thermoplastics such as polyurethane.

In contrast to wire harnesses, which bundle multiple individually sheathed wires or cables, a cable assembly integrates all its wires into one unified casing. Also, the protection layer used in a cable assembly offers a higher degree of protection compared to the sheathing
used in wire harnesses. This makes cable assemblies especially suited for extreme environments requiring enhanced protection.

Additionally, cable assemblies come equipped with multiple connectors at their active ends, facilitating connections to devices or other cables.

Different Types of Cable Assemblies

Similar to wire harnesses, cable assemblies are not one-size-fits-all. They are tailored to suit a variety of applications, industries, and environmental conditions. Below are some distinct types:

Cable Assembly

Cable Assembly

The Difference Between Cable Assemblies and Wire Harnesses

While cable assemblies and wire harnesses both organize wires, they have key differences.

The table below offers a concise comparison of the similarities and differences between a wire harness and a cable assembly:

Similarities and differences

Applications for Cable Assemblies and Wire Harnesses

Cable assemblies and wire harnesses find their way into a multitude of applications, underlining their versatility and crucial role in a wide range of industries:

  • Automotive Industry: Both cable assemblies and wire harnesses can be found in everything from the basic wiring systems that control lights and indicators to the more complex setups in modern vehicles, facilitating multimedia systems, navigation, and advanced driver assistance systems.
  • Agricultural Industry: The modern agricultural sector heavily relies on machinery and equipment. Cable assemblies ensure these machines can withstand outdoor elements, while wire harnesses ensure that the internal electronics of these machines function seamlessly.
  • Industrial and Manufacturing: In factories and production lines, wire harnesses and cable assemblies provide structured wiring setups that make maintenance easy.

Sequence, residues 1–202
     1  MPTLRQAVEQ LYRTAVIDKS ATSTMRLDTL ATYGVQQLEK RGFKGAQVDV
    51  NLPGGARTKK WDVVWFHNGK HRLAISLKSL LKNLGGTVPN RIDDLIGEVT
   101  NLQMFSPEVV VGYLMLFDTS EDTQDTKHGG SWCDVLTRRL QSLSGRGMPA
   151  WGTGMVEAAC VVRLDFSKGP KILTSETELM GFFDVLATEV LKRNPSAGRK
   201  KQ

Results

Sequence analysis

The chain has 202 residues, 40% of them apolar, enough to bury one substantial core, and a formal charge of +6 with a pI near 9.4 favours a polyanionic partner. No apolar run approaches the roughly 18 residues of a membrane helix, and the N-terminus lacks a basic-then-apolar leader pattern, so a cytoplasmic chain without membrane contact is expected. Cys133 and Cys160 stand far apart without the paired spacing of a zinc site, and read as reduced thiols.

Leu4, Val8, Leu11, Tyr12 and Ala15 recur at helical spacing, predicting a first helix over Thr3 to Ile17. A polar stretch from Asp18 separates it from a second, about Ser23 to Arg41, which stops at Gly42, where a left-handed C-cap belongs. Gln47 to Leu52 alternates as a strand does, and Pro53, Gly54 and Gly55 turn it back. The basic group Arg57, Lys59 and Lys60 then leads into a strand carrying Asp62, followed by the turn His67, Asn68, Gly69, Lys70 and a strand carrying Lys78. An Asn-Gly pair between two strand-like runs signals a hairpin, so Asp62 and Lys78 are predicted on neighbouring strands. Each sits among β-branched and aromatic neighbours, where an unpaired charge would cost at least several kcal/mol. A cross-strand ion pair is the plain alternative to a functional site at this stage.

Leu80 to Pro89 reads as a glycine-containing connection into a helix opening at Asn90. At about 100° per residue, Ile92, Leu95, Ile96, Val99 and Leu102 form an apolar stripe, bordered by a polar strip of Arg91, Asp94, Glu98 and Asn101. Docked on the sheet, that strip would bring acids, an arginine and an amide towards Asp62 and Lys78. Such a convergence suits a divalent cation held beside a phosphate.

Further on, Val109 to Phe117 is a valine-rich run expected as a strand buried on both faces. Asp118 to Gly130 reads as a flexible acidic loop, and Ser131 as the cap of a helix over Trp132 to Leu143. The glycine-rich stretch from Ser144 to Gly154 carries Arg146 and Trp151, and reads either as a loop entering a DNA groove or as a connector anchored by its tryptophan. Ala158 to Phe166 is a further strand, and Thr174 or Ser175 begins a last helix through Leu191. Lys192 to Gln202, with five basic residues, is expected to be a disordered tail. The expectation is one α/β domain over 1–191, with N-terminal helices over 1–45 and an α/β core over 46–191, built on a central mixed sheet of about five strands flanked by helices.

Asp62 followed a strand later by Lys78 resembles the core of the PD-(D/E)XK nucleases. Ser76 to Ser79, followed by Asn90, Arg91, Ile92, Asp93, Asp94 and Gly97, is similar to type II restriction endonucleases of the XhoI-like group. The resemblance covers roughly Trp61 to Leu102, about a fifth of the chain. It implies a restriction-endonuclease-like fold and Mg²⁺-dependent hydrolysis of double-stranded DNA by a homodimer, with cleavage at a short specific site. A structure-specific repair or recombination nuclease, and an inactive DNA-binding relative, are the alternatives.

• Military: Reliability is paramount. Both components ensure communication devices and navigation systems function consistently, even under extreme conditions.

In every mentioned sector, product success is deeply tied to the excellence and dependability of its PCBA box build. Central to this are wire harnesses and cable assemblies. They guarantee organized connections that withstand environmental challenges, and enhance overall functionality.

Therefore, correctly integrating these components in the box build process leads to long-lasting products, contented customers, and the ensuing sustainability and expansion of a business.


You might often hear cable assemblies and wire harnesses used interchangeably, but they fulfill distinct roles in electrical systems. Cable assemblies provide strong external protection and connectivity, while wire harnesses focus on optimizing internal organization and saving space.

Choosing the right cable assembly and wire harness can be challenging. If you work in the hardware tech industry, it’s imperative to understand these differences. When completing your box build, make sure to choose a company who can help you make the right decisions.

Related Topics
How Can a Box Build Benefit Your PCBA Design?

PCBA box build is a sophisticated process involving the design, production, and construction of an electromechanical system that goes beyond a PCBA.

Insider's Guide to Navigating Box Build PCBA Projects

This guide will help you become familiar with box build assembly, decide if it’s right for your PCBA project.

Looking for more than just a PCBA?

Learn about MacroFab’s Box Build Capabilities.
About MacroFab

MacroFab offers comprehensive manufacturing solutions, from your smallest prototyping orders to your largest production needs. Our factory network locations are strategically located across North America, ensuring that we have the flexibility to provide capacity when and where you need it most.

Experience the future of EMS manufacturing with our state-of-the-art technology platform and cutting-edge digital supply chain solutions. At MacroFab, we ensure that your electronics are produced faster, more efficiently, and with fewer logistic problems than ever before.

Take advantage of AI-enabled sourcing opportunities and employ expert teams who are connected through a user-friendly technology platform. Discover how streamlined electronics manufacturing can benefit your business by contacting us today.